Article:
This is why it’s imperative to have fire drills and to practice incidents. Some go as far as actually bringing down a system, to practice a live incident.

Here’s how I would plan a fire drill

  1. Set a fixed time and date for the drill and inform the team so they can prepare
  2. Schedule a service window during the fire drill so the organization and its users can prepare
  3. Book a session with the team to present the incident playbook and make sure they know it
  4. Break the system at the start of the service window. Automatically restore the system at the end of the service window if the team has failed to find the fault
  5. Book a postmortem to evaluate the incident response


After an incident you should always conduct a postmortem. The point is to identify the root cause of the incident, find new systems, solutions, processes, routines to make sure the incident doesn’t reoccur.

The purpose is to create a learning organization, where you setup safe-guards for reoccurrence, which protection will remain long after the people involved in the incident are gone.

Things to consider with a postmortem

  • Putting blame on a person or a team, doesn’t prevent the incident to reoccur
  • Taking responsibility for the incident also won’t prevent it from happening again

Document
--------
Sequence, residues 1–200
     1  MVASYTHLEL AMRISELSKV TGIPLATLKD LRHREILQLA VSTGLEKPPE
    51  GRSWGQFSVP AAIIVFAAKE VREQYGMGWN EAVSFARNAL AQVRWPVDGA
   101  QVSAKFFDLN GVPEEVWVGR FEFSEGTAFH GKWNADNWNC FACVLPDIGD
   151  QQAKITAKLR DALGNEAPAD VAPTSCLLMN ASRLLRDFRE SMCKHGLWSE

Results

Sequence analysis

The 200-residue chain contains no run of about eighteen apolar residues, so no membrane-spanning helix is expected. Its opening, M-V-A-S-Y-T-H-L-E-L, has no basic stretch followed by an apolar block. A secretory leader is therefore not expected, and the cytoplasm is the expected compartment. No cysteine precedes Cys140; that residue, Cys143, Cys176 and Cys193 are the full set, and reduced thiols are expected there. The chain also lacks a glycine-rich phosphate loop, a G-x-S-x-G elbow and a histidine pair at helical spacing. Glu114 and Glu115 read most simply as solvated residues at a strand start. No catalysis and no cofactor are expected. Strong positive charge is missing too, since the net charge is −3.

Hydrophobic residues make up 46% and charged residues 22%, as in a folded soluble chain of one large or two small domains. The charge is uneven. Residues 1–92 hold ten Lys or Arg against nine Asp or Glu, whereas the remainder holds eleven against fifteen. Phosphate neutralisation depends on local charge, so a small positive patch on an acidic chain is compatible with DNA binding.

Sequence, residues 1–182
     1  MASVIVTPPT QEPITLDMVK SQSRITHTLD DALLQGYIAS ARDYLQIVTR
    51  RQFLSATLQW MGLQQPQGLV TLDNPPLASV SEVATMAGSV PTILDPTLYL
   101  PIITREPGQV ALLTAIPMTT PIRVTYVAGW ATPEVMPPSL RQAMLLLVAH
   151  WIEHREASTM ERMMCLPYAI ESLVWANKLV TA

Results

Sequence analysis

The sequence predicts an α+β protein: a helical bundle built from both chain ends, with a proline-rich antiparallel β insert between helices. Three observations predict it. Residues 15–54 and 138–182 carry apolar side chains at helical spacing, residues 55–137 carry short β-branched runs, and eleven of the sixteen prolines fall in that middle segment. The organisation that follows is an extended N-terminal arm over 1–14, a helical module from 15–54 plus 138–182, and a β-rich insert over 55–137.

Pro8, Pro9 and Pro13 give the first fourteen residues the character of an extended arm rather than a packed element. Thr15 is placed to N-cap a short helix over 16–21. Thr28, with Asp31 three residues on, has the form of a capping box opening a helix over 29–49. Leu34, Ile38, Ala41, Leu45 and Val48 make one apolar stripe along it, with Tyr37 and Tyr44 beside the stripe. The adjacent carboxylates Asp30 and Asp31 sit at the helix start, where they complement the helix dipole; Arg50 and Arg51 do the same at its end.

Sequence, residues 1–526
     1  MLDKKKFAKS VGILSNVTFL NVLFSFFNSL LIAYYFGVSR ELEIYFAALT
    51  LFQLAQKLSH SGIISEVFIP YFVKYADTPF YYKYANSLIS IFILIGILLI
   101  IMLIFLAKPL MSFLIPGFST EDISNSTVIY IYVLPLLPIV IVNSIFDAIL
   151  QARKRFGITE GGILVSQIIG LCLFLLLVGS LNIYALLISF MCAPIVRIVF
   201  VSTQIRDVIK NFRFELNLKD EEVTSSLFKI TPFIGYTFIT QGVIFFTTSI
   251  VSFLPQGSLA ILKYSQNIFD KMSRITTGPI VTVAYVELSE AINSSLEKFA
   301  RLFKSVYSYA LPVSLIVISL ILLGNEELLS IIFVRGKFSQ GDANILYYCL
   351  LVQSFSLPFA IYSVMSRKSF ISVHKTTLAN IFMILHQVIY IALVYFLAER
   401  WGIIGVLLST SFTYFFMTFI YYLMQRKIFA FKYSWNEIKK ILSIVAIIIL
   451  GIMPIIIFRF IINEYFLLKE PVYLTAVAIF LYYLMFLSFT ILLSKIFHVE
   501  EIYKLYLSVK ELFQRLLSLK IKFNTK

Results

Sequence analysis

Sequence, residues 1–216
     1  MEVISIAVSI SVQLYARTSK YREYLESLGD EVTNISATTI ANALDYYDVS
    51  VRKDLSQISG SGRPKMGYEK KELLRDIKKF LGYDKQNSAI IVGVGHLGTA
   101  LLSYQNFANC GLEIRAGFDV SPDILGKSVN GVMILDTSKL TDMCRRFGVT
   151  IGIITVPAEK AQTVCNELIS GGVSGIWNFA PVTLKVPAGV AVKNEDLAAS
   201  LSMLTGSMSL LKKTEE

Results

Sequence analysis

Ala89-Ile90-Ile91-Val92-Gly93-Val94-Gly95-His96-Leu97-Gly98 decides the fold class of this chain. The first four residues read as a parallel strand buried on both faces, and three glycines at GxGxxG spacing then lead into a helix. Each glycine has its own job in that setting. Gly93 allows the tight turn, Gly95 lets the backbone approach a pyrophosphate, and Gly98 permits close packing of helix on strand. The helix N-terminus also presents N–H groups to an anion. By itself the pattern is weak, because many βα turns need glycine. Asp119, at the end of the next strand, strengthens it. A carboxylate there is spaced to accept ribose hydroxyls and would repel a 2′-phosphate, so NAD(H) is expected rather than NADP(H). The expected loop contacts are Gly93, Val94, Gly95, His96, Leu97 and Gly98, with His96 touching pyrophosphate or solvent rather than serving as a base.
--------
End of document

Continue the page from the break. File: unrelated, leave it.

• The actions coming out from the retrospective meeting, must prevent the incident from happing again, or you have failed to identify the root cause

Here’s my template for postmortem retrospective to help you ask the right questions to identify the root causes.

Document your Code

I was told this week the code doesn’t need documentation because the developers are good at naming things. So I thought it was time to revisit what kind of documentation should be included in code.

Code Comments

There are 2 common objections to code comments

  1. They are not very useful because the code tells us what the program does
  2. They are often wrong because the code changes but not the comments

This is just the talk of lazy “low effort” developers. I think the agile manifesto “working software over comprehensive documentation” has done more harm than good.